Implications for Participants

The practical reality of the Notice is that all taxpayers "participating" in a Micro-Captive TOI on or after November 2, 2006, must disclose the transaction as described in Treas. Reg. section 1.6011-4.  Hence, each of the taxpayer parties described in Section 2 of the Notice - A, Insured, Captive or the intermediary fronting insurance company – “participates” in the Micro-Captive TOI likely has a reporting obligation.

Penalties for Non-Compliance

A taxpayer who fails to properly disclose the transaction under Treas. Reg. section 1.6011-4 may be subject to the Section 6707A penalty of 75% of the reported tax benefits, with a maximum of $50,000 for entities/$10,000 for individuals and a minimum of $10,000 for entities/$5,000 for individuals. In addition, the IRS may impose other penalties on participants in these transactions, including the accuracy-related penalties.

The Notice requires each participant to disclose information as to when and how the taxpayer became aware of the transaction. Micro-Captive must provide additional information in its disclosure, including the authority under which Micro-Captive is chartered, types of coverage provided, how premiums were determined (including the name and contact number of any actuary or underwriter who assisted in the determinations of such premiums), a description of claims and a description of assets.

Past-year(s) participation: A taxpayer who has participated in a micro-captive TOI on or after November 2, 2006, and during a year for which the tax return has already been filed but for which the statute of limitation for assessment remains open as of November 1, 2016, must disclose that participation by submitting a properly completed Form 8886, Reportable Transaction Disclosure Statement, to the IRS Office of Tax Shelter Analysis (“OTSA”) (address in Form 8886 instructions) by January 30, 2017.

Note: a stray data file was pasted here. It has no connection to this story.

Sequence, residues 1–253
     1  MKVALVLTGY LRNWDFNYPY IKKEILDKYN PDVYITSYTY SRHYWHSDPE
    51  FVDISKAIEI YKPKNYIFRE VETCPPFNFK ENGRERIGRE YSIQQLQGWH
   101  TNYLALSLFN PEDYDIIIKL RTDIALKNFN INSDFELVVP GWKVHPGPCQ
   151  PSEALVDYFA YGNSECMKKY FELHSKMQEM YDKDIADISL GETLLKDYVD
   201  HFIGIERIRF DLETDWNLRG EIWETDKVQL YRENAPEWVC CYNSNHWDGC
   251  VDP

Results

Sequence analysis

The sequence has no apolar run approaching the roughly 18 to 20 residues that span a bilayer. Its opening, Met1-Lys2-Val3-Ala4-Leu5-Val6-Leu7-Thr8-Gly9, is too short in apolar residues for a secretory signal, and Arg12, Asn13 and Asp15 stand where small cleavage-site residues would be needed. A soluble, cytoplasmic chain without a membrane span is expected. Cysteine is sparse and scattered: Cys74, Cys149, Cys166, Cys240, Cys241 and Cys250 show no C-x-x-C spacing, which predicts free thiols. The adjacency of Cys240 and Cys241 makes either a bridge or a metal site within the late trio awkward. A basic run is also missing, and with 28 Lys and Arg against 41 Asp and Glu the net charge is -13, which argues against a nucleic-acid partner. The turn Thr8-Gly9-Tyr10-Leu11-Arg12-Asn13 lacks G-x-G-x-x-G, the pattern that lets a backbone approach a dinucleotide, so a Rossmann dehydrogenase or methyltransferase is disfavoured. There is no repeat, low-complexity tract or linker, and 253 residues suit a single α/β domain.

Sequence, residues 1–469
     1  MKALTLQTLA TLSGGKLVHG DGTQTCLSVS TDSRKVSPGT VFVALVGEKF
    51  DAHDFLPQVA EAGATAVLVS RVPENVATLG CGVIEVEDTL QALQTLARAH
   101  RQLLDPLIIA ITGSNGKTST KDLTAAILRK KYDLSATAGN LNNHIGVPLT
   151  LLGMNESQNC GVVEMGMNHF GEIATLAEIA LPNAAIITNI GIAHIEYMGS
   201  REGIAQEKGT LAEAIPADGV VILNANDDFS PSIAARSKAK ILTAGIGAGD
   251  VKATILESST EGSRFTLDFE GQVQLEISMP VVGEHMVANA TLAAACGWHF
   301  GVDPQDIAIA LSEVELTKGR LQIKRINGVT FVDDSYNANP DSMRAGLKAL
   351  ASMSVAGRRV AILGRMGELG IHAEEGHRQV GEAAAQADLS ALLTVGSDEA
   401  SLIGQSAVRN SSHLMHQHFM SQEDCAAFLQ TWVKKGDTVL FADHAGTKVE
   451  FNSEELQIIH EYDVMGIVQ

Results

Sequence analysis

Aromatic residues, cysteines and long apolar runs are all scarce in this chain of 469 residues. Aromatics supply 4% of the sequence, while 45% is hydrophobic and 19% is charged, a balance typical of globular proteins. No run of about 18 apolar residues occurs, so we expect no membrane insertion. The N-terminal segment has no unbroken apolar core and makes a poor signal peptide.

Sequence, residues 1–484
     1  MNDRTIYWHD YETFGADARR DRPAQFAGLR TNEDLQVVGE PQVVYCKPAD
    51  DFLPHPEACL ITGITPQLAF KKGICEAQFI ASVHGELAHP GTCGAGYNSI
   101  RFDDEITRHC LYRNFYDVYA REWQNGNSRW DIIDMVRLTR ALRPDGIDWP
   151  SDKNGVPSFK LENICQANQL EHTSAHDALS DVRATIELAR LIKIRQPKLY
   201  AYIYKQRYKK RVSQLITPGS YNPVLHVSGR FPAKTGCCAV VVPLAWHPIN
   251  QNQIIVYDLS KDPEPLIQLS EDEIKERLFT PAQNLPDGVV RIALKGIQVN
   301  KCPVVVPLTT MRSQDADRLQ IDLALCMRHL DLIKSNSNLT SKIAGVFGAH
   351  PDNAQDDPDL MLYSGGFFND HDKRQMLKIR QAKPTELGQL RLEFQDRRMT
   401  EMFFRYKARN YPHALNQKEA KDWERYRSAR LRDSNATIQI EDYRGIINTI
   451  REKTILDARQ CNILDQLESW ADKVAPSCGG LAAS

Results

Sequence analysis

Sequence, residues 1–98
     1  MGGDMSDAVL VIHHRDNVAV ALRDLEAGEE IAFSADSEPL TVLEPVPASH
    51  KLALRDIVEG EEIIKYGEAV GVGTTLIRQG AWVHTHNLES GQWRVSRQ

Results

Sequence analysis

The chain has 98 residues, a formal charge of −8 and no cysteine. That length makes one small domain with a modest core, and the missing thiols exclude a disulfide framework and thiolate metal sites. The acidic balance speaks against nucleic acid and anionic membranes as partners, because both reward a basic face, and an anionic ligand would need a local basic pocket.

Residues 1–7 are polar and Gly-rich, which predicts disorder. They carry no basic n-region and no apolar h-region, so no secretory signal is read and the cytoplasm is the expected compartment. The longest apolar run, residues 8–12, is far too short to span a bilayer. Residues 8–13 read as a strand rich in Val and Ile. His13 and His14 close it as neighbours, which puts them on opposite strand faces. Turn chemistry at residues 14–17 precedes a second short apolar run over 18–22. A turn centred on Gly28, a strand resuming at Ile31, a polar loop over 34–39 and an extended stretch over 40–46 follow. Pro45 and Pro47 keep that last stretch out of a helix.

Current-year participation: A taxpayer who is currently participating in this TOI must disclose the transaction by attaching a properly completed Form 8886, Reportable Transaction Disclosure Statement, to its federal income tax returns for the current tax year and each future tax year in which the taxpayer participates. A copy of the Form 8886 must be sent to OTSA at the same time that the transaction is disclosed for the first time.

Material advisors:  Generally, material advisors will need disclosure information on any person who was provided material aid, assistance or advice with respect to organizing, managing, promoting, selling, implementing, insuring or carrying out any reportable transaction and keep lists detailing certain information about participants in Micro-Captive TOIs.  Material advisors have to file as well, and are subject to penalties for nonfiling.

Our Viewpoint